Purchasing your car rental online in advance of the actual trip is a sound idea for a handful of reasons
- It makes sure that you receive the model of car that you require
- The fully inclusive cost will not be increased
- The complete booking process is done at your own pace rather than at the arrival airport where you could well be accompanied by a frazzled partner and a selection of unruly youngsters
- It saves time at at the car rental desk (although you won't believe that if you've been part of the endless queues at Alamo in Miami)
Start planning your visit to Dublin by booking car hire using two of our leading car hire suppliers. We offer online bookings providing cheap car rental at Dublin airport. Both of our car rental suppliers employ dedicated support staff at the end of the telephone for any extra questions that may come up before or after hiring your car.
Clicking on the link below will allow you to obtain car rental quotes from our partners for cheap car hire at Dublin airport. The airport is 10 km from the city of Dublin.
Situated in the Republic of Ireland, Dublin is a popular city break destination steeped in history, culture and excellent sightseeing opportunities. With a relatively young population (around 69% of the city are under the age of 45) expect a vibrant atmosphere about town!
The River Liffey runs through the centre of Dublin splitting the city into areas defined as the North and South sides. The two areas have strong differences with the south side being more affluent and the north being the more run down of the two. Both Dublin north and south sides enjoy popular sight seeing attractions and benefit from an all year round influx of tourist traffic.
The more upmarket south side is the home of the Dublin middle classes with the Temple Bar area situated within the narrow cobbled streets of Dame Street. Offering a lively atmosphere and a concentration of arts related businesses, Temple Bar experienced a bout of urban regeneration during the 1990’s. Stag parties are banned from the bars in an attempt to retain a modicum of class and dignity about the area.
One of the oldest and most spectacular of architectural attractions on the Dublin south side is that of the Medieval District, home to Dublin Castle. The Chester Beatty Library at the castle is famous for possessing one of the world’s grandest collections of Islamic and Oriental Art. Next door to the medieval cathedrals of St Patrick and Christchurch is Marsh’s Library containing a wealthy collection of first editions, manuscripts and Hebrew and Arabic prints. You will discover situated here also one of the greatest educational establishments in Europe, Trinity College. Visitors attend the college in particular to view the medieval Book of Kells.
St Stephens Green, amidst the Georgian architectural grandeur of buildings with their origins in the eighteenth century is where locals love to descend to escape the busy world. Within the beautifully landscaped park is a delightful lake adorned at every turn by statues. Step outside from the cosy leafy bosom of peace to Dublin’s Grafton Street, where the fine art of shopping knows no bounds. The place where top fashion lines can be uncovered at knock down unbelievable bargain prices. Other attractions on the south side include the HQ of the Irish Parliament, Leinster House, The National Gallery and Kilmainham Gaol.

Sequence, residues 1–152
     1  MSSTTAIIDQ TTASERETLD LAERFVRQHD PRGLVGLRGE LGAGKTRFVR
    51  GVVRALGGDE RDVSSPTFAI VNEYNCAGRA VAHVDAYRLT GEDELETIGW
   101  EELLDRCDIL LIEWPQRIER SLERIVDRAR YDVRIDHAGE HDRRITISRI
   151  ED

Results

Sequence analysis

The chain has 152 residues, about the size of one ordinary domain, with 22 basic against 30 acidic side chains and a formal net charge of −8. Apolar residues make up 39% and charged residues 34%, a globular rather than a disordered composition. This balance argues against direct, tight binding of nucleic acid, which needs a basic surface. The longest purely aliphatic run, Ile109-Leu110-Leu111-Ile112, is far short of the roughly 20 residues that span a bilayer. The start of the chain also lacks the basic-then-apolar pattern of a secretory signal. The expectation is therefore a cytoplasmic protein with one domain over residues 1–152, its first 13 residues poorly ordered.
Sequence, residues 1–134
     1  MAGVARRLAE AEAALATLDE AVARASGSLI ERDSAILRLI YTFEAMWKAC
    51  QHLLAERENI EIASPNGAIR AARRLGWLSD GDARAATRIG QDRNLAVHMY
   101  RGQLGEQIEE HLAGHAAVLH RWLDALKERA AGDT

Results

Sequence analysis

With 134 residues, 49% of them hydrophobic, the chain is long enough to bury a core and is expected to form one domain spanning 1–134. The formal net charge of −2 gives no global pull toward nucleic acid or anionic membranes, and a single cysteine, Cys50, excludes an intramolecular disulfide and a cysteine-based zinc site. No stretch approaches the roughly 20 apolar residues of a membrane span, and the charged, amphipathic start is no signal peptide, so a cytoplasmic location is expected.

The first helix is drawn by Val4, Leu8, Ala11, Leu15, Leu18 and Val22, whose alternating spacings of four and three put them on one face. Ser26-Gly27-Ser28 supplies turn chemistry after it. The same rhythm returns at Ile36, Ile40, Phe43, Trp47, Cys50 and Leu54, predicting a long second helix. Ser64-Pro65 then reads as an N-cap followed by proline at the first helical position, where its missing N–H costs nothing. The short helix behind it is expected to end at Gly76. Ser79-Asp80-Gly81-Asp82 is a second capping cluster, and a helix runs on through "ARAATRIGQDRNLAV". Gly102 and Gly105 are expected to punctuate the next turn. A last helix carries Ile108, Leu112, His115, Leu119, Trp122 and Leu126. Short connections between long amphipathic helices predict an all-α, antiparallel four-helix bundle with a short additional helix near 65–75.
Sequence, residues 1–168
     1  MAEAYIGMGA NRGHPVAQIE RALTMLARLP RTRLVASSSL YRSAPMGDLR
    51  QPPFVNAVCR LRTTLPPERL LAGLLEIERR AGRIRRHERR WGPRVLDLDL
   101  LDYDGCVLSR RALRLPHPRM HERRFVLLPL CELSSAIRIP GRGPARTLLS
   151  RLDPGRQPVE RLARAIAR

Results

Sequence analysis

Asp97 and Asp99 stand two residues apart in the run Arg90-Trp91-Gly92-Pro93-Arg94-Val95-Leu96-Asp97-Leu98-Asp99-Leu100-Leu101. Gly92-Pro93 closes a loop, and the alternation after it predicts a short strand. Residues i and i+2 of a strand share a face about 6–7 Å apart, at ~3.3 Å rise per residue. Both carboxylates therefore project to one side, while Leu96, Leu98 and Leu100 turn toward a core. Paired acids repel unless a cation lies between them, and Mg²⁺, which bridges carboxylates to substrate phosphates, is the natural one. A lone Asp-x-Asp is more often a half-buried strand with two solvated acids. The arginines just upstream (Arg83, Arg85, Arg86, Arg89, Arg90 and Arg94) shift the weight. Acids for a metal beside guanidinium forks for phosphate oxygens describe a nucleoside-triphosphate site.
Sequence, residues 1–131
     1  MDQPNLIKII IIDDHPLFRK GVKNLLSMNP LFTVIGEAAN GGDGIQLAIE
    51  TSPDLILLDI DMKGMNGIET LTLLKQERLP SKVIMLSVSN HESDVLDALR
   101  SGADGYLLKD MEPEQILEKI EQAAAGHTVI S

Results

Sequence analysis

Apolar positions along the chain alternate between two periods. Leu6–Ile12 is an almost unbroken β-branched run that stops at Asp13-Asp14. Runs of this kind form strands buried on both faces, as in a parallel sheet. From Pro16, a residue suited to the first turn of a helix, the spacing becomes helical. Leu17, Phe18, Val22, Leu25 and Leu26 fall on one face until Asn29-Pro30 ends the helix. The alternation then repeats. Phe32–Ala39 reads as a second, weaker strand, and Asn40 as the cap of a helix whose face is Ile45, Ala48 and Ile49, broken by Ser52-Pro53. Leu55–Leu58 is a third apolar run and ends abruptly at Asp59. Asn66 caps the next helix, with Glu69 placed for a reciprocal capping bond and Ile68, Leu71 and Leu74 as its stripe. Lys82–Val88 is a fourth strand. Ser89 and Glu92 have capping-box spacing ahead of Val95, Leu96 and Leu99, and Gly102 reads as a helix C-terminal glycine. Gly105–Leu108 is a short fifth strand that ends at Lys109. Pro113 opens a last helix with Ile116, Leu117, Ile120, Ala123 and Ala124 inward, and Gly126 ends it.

Although the north of the River Liffey is generally run down, there are some very good reasons to explore the area once declared the worst slum in Europe. Many of the city’s visitors head over to the GPO building in O’Connell Street with its Easter Rising significance-it was once the headquarters of the demonstrators and has continued to be a focus point for future demonstrations. Also here in the north side are the James Joyce Centre, The Dublin Writer’s Museum and the Botanic Gardens. Continuing on a horticultural theme, the largest park in the whole of Europe is that of Dublin’s Phoenix Park which accommodates the city zoo, the official residence of the Irish President and comprises about 1750 acres.
Reasonably compact Dublin is ideal for covering on foot with a highly pedestrianised shopping high street and many attractions within a close proximity of each other. If you plan a full itinerary of Dublin sightseeing remember to purchase the Dublin Pass and enjoy plenty of savings! The brilliant Dublin Tour Bus is an excellent way to cover all the attractions within the city but for the attractions out of town you ought to hire a car. There are some really lovely places that lie on the outskirts. To kick off, a great day out is promised with a short drive out to Bull Island. Here is the Royal Dublin Golf Course as well as the region’s bird sanctuary. Dublin Bay provides a luxury coastal beauty spot ideal for clearing away those cobwebs and is nearby to the pretty harbour of Howth Village. A little further a field awaits the delights of rural and coastal Dun Laoghaire.
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The airport is approximately 10 km from the city centre and offers a number of different forms of transport into Dublin.
The Air Coach provides a regular every fifteen minutes pick up service from the airport. The fare for this journey costs Eur 6 (4 GBP). For a return to the airport there are about fifteen collection points across the city from the outside of many hotels.
The new Airport Bus provides a regular service every fifteen minutes to the DART (Dublin Area Rapid Train) system.
A relatively expensive method of travel into the city centre is provided by taxi. The rank is situated outside the terminal building. The taxi fare will set you back about Eur18 (12 GBP).